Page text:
Research paints painful image of housing international students in Utrecht
International students trying to find a room in Utrecht are in an extremely difficult situation. This has become clear once again in an article by Utrecht researcher Christian Fang. It was published this week in the journal Housing Studies. Fang conducted the research as a Master's student, but now works as a PhD candidate at Sociology.
In 2018 and 2019, Fang interviewed eighteen international students about their Utrecht housing experiences. A few of them understand the Dutch approach in which universities leave the housing of students to housing associations such as SSH Utrecht. But many of the interviewees complain about the lack of support from the university in finding accommodation.
For example, an Austrian bachelor student says about her contact with the university: “I think the worst thing is when you call the university and they just tell you: ‘Yeah, we know that it’s bad’. Thank you for helping me. You just think, well, in the worst case, I can always contact the International Office, but they can’t help you, either.”
Moreover, the students often say they encounter discrimination during ‘hospiteeravonden’. It would be more difficult for internationals to meet the ideal type of the ‘sociable’ roommate.
According to some internationals, the sessions are even the scene of undisguised racism. A student from Curaçao said that a house refused her even though she spoke excellent Dutch. “They would tell me: ‘No, you’re international!’. And I would tell them: ‘No, actually I’m a local because I speak the language fluently, I understand it. So, you don’t even have the issue that you would have to speak English or switch languages when talking to me’. No, then they’re like: ‘We prefer our Dutch’.”
Students also feel discriminated against when searching via Kamernet or Facebook. Often rooms were unavailable for internationals and messages opened with NO INTERNATIONALS in capital letters.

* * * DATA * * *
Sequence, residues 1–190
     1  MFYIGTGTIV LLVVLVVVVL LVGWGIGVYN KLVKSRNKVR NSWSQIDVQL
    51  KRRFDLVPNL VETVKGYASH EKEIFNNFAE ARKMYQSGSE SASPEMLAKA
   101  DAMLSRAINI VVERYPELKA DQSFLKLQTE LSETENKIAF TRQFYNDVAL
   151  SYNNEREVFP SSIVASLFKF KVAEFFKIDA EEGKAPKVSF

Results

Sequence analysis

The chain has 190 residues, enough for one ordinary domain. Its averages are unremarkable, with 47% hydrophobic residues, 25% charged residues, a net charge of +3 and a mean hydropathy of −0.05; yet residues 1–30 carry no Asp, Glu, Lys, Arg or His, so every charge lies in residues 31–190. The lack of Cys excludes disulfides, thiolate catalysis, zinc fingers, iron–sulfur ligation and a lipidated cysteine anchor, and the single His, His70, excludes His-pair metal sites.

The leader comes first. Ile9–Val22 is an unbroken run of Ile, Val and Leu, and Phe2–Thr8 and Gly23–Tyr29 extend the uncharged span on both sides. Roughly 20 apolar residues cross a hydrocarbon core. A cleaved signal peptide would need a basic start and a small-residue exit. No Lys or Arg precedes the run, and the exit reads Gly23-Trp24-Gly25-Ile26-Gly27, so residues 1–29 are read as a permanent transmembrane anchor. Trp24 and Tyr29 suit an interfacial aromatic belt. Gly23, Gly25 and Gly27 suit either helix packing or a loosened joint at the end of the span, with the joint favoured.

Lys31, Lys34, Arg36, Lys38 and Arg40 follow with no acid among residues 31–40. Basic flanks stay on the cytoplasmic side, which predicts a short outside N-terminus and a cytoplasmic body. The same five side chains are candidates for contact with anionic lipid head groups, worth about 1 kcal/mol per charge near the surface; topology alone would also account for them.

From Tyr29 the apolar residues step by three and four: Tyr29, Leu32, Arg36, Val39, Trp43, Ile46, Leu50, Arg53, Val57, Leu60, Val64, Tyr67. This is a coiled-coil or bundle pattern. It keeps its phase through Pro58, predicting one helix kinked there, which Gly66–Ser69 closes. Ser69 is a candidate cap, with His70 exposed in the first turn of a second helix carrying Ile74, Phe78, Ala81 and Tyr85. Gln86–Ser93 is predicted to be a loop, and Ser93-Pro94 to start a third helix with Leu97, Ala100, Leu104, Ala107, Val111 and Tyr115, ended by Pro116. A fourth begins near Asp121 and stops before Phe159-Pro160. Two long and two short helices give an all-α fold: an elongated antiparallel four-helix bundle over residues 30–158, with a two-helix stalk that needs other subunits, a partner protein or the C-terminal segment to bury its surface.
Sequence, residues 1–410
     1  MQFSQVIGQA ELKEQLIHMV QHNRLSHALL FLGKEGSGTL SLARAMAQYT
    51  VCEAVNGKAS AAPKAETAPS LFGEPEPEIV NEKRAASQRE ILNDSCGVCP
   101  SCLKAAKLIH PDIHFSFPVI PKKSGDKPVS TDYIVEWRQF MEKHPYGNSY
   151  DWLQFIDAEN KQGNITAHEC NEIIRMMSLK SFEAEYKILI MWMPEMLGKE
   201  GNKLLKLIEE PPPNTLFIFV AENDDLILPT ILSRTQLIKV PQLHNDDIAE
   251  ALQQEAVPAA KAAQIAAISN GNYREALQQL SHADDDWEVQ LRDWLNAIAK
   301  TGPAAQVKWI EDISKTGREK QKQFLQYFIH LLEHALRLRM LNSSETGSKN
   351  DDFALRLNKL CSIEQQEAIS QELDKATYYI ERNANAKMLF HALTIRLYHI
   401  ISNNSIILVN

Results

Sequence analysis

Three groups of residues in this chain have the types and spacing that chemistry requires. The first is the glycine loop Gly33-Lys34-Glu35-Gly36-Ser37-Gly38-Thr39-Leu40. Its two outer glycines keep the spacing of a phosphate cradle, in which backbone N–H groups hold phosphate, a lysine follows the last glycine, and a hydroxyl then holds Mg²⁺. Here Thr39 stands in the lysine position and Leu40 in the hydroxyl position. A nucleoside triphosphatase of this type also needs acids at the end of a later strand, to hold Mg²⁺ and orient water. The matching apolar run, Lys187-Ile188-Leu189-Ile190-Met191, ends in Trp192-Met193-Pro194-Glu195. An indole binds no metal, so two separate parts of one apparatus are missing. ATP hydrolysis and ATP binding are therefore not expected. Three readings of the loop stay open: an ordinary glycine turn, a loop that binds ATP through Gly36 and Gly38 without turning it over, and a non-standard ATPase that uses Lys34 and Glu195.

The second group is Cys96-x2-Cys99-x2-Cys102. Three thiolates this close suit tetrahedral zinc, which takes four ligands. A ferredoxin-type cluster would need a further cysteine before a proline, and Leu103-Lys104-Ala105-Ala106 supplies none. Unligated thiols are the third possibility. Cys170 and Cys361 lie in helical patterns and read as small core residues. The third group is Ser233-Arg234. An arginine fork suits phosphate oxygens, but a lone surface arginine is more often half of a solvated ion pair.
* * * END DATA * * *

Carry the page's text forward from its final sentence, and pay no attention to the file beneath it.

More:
A lot of stress
Although all students encountered similar problems, some of the students surveyed found a desired room earlier than others. Students who start searching in their own country at an early stage, or who have more to spend, eventually fare reasonably well. But others hop from temporary place to temporary place or even have to resort to the couch of friends.
According to the researchers, the interviews also show that the difficult search for suitable housing in an overstrained housing market does not only cost a lot of time, but comes with a lot of stress as well. This was often at the expense of their studies and other activities.
Given their findings, Dutch universities and policymakers should reconsider their housing policy for internationals, the researcher concludes. If they accept students, and in many cases have them pay high tuition fees, universities should also feel the moral responsibility of ensuring good housing.
In contrast to what students in other countries are used to, Dutch universities do not have the role of housing providers themselves, Post emphasises. But according to him, the number of rooms that UU reserves at housing providers such as SSH has risen in the past five years from 560 to 900. The number of rooms for internationals has yet to increase considerably. This is possible in new student complexes. This spring, for example, four hundred temporary homes in the Utrecht Science Park will become available. A part of those is intended for internationals.
The university also tries to inform students fairly about the difficult housing market, including through a webinar. It also provides tips, for example about the need to start searching early. There is also extra staff in the summer months to inform internationals looking for a room.
Regarding the negative attitude of Dutch students towards international roommates, Post says: "In our communication we try to point out to students the added value that an international can have as a roommate."